Before long, we’re able to peek over the curtain and Mark announces that they have the most beautiful baby boy! He looks big and strong, has the most annoyed look on his face (what a shock to the system birth must be!) and is absolutely perfect. He lets out his first cry, and I’m pretty sure all of us tear up.

The emotional moment as we hear baby cry for the first time <3

They take him over to the warmer to get his first checkup, and Mark gives Lea a continuous update on how he’s doing and what’s happening. It’s been months and I can still hear his voice in my ear as clear as day, proclaiming over and over how perfect their son is, voice dripping with emotion and love. Finally they have him wrapped up and bring him over to show Lea her son for the first time. It can be hard to see when you’re still lying down but Lea immediately starts to talk to him and is able to reach her hand out and touch him. I feel so blessed to be able to witness these amazing moments.


Mark sits down to cuddle with baby while they wait for Lea to be ready to go back to recovery. She can’t see their little guy, so he makes sure to continue giving her all the details. I love how much he makes sure at every moment to keep her involved. It can be so isolating to lay on the table covered by the drape while so much is going on around you, but Mark continues to reassure Lea and recount for her everything that she can’t turn to see.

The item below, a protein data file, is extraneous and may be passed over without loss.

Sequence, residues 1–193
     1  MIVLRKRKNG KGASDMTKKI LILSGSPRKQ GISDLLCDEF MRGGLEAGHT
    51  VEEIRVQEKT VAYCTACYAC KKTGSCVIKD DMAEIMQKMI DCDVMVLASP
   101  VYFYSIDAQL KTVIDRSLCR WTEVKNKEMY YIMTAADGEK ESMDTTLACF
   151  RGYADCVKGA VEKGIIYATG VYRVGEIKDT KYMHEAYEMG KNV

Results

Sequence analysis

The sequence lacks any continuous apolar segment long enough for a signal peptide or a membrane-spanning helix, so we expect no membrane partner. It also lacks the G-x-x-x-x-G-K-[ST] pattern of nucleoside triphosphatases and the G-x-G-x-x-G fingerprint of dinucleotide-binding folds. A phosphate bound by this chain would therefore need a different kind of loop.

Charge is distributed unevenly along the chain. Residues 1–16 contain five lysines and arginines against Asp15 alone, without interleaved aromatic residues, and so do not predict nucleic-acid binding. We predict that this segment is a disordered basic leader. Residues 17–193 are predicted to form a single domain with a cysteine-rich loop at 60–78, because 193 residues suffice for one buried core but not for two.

Finally it’s time to go back to recovery, and like some kind of miracle mama, Lea is able to sit up right away and wastes no time getting to know each detail of her son. She talks to him and rocks him like a pro when he fusses, like she’s been doing this for years already. They latch him on for his first breastfeed and start to learn together. I watch quietly, lending a hand when needed, but mostly just being witness as the three of them transition so well into their new role as a family of three. It seems like such a natural move for Mark and Lea, and I think how lucky baby boy is to have their soothing personalities in his life.

Time flies by as they take in each detail and soak up the newness of this amazing new personality. He's content to just sit and hold mom or papas finger, knowing he's safe and loved here.


I am so honoured to have gotten to know Lea and Mark and to support them as they become parents. I can't think of two more deserving people, and I know Henry will be a very loved little boy. Welcome to the world little Henry!

Hello Enzo! | A St Boniface Hospital Birth Story

April is Cesarean Awareness Month, and I am so excited to share this beautiful St Boniface Hospital birth story with you all in honor of it. Some cesareans are planned, and some happen despite all preparation and persistence. These births can be incredibly hard to process, especially if the family has gone through a long or intense labour in addition to their cesarean birth. I believe these mamas are some of the strongest I know.

I met Anna and Andrew last spring and we had a super fun coffee date together. I loved the twinkle in their eyes as they talked and teased each other, sharing stories to help me get to know them. They planned to deliver their baby at St Boniface Hospital and I could tell already that working together would be so much fun.